By Brady Dennis
Washington Post Staff Writer
Tuesday, September 22, 2009
A coalition of blue-chip companies on Monday endorsed the idea of voluntarily overhauling executive compensation practices in an effort to restore public confidence in corporate America and to get out ahead of potentially more burdensome rules that could emerge from Washington.
Pay practices such as huge severance payments, personal use of corporate jets and incentives not tied to long-term performance should vanish unless a specific justification exists, according to a task force convened by the business organization the Conference Board.
"The current economic crisis, precipitated by the meltdown in the financial services industry, has led to a loss of public trust in corporations and other institutions. Executive compensation has become a flashpoint for this frustration and anger," the task force says in a report released Monday. "In order to restore trust in the ability of boards of directors to oversee executive compensation, immediate and credible action must be taken."
Early supporters of the overhaul initiative include AT&T, Hewlett-Packard, Tyco and Cisco, as well as investors such as the California State Teachers' Retirement System.
The report takes particular aim at the most controversial executive pay practices, including multi-year employment agreements that provide for generous severance payments; "golden coffins," which refer to payouts that continue after an executive's death; and other exclusive benefits not offered to other employees.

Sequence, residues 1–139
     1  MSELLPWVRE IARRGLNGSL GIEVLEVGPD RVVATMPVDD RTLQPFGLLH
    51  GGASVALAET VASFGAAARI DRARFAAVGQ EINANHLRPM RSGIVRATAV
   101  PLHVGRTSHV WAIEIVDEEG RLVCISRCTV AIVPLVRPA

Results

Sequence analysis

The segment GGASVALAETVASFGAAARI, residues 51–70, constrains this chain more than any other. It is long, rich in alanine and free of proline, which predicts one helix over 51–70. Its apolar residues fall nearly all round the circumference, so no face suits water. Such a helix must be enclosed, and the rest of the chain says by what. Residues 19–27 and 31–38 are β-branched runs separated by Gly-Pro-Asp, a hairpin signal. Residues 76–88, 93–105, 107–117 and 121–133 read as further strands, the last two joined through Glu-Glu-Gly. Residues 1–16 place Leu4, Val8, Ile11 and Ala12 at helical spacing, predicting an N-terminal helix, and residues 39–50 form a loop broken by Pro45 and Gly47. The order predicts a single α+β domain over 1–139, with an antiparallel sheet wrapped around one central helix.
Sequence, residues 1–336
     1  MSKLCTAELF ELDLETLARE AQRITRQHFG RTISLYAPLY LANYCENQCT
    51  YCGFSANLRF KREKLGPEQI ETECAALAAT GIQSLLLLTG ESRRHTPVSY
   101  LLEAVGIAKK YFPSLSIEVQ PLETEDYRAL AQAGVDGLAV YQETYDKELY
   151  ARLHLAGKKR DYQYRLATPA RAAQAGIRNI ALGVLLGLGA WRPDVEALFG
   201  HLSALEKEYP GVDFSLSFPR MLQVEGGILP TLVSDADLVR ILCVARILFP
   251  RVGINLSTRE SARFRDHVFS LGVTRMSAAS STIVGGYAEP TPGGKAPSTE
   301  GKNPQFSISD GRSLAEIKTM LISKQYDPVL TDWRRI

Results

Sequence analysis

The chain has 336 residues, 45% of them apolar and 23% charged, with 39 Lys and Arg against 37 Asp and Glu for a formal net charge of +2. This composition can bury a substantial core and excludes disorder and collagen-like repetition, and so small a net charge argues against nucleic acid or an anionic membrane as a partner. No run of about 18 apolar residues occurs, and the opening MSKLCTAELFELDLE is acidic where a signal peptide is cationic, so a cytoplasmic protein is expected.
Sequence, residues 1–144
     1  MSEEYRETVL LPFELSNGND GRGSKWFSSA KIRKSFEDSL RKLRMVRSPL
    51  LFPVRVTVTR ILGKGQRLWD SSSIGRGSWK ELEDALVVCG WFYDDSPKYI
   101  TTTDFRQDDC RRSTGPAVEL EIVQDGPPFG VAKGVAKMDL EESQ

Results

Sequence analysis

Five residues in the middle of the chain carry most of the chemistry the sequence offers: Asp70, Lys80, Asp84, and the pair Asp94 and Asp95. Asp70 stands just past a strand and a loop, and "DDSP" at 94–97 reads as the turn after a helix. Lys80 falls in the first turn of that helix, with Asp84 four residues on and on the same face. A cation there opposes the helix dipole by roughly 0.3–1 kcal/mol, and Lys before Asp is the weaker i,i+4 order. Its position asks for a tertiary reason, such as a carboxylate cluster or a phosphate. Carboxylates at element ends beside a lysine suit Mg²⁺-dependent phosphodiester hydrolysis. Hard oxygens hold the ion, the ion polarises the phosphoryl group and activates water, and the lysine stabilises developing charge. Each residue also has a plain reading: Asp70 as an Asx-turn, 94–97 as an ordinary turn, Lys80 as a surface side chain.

The report states that if companies plan to implement such practices, they should clearly disclose their intentions to shareholders and offer a valid justification. " 'Everyone else does it' or 'It is market practice' are not sufficient," the report states. It also suggests that a hefty portion of compensation be tied to performance of the company -- an effort to curb the excessive short-term risk taking that contributed to the current financial crisis.
Noticeably absent from the list of supporters are some of the large financial firms whose executive compensation practices helped to ignite public anger.
"We hope that as this report becomes widely available that the practices and recommendations will be followed across industries," Rajiv Gupta, a former chief executive of Rohm and Haas Co. and a co-chair of the task force that produced the report, said in an interview. "We hope it will gain momentum. These are good common sense principles."
In a speech on Wall Street last week, President Obama struck a similar note, telling the financial industry, "You don't have to wait for legislation to put the 2009 bonuses of your senior executives up for a shareholder vote. You don't have to wait for a law to overhaul your pay system so that folks are rewarded for long-term performance instead of short-term gains."
The full report is available at http://www.conference-board.org/ectf.